Our final activity of the day was an environmental game. In this game, all of the children were black bears. One of the bears had a hurt paw, so could only hop. Another bear was blind in one eye. A third bear was a mother bear with two cubs, so had to collect twice as much food. The bears scattered over a large area to collect food – insects, fruit, nuts, berries and meat – designated by different scraps of colored paper. The goal was to collect enough food and a varied diet to remain healthy and survive. One thing we learned was that it was harder to survive when injured, and that the mama would feed herself first, before feeding her cubs. If she didn’t survive, her cubs would not make it.

We ended with a fictional story, called ‘The Lonely Giant.’ The story gave us a good message about what happens when we destroy our forests – the animals and birds are forced to move away. When that happens, like the lonely giant, we miss the sound of birdsong, and the animals. At the end of the story, the giant works hard to restore the forest.

What a great day! No rain. About 12,000 steps and over 5 miles. We were active for almost three hours. We spent a day hiking and immersed in nature with friends!

I am ending with two joys from today ~ one of our students celebrating the love of flowers, and another student celebrating her love of birds with her hand made nest from found materials! Spending a day outdoors with children is always a joy!


Out and about – getting to know your environment! October 17, 2018

Filed under: Community Building,nature,outdoor education,Uncategorized — bevfollowsthechild @ 8:59 pm

Our kg and elementary students hiked out on our annual all-day river walk. We walked over five miles on this trip, and the students probably covered a much greater distance when I think of all of the chase games they played when we had a break from walking!   One of our parents met us for an introduction to edible native plants, such as choke cherry, service berry, rose hips, and elderberry.  We had a lovely picnic lunch, played with leaves, dirt and bugs, crossed the river many times on plank bridges, identified spruce, maple, aspen, oak and willow trees, and much more.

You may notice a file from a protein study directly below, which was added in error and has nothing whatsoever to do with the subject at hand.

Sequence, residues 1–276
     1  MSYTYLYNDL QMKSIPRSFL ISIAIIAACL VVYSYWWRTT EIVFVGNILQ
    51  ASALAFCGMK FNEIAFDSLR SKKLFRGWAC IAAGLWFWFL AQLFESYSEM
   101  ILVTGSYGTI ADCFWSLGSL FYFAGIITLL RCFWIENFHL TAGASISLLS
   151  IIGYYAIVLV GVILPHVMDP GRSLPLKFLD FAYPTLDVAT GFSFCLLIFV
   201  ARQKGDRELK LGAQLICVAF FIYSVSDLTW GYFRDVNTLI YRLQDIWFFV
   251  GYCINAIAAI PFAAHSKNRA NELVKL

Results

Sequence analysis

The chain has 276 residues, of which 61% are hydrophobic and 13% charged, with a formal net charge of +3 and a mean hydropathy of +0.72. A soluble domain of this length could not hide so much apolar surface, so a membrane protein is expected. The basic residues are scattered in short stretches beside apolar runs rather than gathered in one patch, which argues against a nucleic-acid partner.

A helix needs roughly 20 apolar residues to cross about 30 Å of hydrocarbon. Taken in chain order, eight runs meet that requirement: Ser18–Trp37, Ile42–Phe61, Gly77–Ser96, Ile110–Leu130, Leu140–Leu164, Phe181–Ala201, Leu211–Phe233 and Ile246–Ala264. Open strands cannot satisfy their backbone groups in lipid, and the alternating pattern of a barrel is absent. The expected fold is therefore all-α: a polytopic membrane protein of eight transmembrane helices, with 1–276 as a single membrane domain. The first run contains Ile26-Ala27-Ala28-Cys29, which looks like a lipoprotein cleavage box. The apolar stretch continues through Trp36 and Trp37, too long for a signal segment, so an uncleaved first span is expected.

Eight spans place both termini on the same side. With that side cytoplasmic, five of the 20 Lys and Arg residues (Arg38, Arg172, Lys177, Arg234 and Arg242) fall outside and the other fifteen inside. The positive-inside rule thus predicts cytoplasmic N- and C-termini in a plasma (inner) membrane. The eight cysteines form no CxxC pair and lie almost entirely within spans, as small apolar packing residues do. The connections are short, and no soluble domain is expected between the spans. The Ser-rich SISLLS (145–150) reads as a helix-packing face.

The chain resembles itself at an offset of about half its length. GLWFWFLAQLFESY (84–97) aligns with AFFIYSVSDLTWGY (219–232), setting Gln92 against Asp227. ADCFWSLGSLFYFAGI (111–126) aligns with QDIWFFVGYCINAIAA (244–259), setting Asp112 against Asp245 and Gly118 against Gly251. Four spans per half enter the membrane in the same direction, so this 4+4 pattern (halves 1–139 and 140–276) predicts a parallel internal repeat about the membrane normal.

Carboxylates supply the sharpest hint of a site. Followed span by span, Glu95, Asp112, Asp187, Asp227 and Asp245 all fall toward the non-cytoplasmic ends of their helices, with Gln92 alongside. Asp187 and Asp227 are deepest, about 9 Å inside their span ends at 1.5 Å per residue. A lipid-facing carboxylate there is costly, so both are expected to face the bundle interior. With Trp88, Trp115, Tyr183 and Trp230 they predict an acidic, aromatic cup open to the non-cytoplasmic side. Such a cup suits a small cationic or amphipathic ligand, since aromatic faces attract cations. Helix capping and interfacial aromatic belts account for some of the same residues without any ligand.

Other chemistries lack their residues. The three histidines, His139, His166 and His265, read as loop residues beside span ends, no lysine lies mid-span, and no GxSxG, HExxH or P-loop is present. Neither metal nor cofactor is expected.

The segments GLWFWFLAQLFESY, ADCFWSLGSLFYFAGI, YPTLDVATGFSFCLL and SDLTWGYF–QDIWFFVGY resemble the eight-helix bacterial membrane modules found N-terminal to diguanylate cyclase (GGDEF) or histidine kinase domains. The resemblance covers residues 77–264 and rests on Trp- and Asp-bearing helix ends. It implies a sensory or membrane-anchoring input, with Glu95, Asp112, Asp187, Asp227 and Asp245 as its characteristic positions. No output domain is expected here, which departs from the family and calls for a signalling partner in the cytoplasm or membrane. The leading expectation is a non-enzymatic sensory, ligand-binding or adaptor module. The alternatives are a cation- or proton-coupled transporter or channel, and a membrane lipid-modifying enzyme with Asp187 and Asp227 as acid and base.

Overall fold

If you’ve been following my blog, you know I am a big fan of getting children out into nature, and comfortable with walking around their environment.  On a day like today, where children are responsible for carrying their own water and food, and belongings, and exerting themselves, and even facing a few challenges, such as walking over plank bridges, they grow in confidence. Today we also used public transportation, too.  For some of our students, this was their first time to ride a bus.  This is all part of practical life for older students.

What a gorgeous fall day! Favorite quote of the day, “We walked so far! I can’t believe I am not whining!” 


Montessori Outdoor Science School Day Four ~ Presenting our inquiry projects May 4, 2018

Yesterday afternoon each group chose a topic they wanted to explore more and designed an inquiry project to answer a question.  This morning, each group worked hard to find ways to communicate their project and findings to the other groups and their parents.  The three groups of first-third graders incorporated the scientific method, and used vocabulary words such as question, hypothesis, method, data, conclusion.  The children incorporated drawings, charts, bar graphs, and maps into their display.  They also worked as a group to decide who would explain what part of the project to the audience, and practiced making the presentation.

That’s a whole lot of learning ~science, vocabulary, visual communication, math, graphing, teamwork, cooperation, making choices, making a presentation . . .

So what did the groups choose to focus on?

IMG_3630 (1)IMG_8141 (1)IMG_2073IMG_4570

Bird song, water quality, insects, beaver habitat!  The variety of topics reflects the different aspects of the four-day experience that caught the attention of the different groups.  Student-choice, student-led inquiry, teamwork!

Above – a few details from the kindergarten research project.

A few more details!

Of course, the day wouldn’t be complete without some time for the kids to do what they do so well – enjoy being kids in nature!